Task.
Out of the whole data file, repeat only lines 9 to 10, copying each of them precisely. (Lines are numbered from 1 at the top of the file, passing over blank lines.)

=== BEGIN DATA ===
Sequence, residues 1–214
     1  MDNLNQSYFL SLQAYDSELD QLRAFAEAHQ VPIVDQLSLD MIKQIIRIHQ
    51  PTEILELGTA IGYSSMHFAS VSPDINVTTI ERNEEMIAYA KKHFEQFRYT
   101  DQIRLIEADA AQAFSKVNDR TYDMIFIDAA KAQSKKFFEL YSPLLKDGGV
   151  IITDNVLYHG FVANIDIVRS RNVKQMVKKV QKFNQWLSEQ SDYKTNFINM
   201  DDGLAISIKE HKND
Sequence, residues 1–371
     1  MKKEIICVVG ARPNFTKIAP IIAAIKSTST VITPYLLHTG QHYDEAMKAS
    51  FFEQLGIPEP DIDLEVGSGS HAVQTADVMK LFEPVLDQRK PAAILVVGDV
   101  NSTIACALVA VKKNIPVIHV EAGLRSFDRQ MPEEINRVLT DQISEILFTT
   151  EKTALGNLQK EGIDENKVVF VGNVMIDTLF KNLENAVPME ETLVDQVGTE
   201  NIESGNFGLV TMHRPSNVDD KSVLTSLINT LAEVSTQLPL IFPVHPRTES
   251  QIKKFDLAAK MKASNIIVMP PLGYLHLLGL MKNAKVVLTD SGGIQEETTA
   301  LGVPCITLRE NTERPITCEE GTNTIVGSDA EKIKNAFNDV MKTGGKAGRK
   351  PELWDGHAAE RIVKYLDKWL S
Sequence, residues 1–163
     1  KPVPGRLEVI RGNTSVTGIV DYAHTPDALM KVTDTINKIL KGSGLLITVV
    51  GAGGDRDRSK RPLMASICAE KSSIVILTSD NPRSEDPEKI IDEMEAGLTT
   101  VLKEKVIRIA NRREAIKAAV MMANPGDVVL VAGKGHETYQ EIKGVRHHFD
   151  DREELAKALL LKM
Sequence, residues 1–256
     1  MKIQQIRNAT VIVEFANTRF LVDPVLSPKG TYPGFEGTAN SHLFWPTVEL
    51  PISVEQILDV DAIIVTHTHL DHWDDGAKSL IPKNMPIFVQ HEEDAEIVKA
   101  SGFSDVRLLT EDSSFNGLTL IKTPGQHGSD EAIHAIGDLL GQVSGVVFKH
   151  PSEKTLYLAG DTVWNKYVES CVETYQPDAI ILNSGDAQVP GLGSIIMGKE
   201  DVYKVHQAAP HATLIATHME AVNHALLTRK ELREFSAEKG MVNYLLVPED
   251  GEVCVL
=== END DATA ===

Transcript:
    51  FFEQLGIPEP DIDLEVGSGS HAVQTADVMK LFEPVLDQRK PAAILVVGDV
   101  NSTIACALVA VKKNIPVIHV EAGLRSFDRQ MPEEINRVLT DQISEILFTT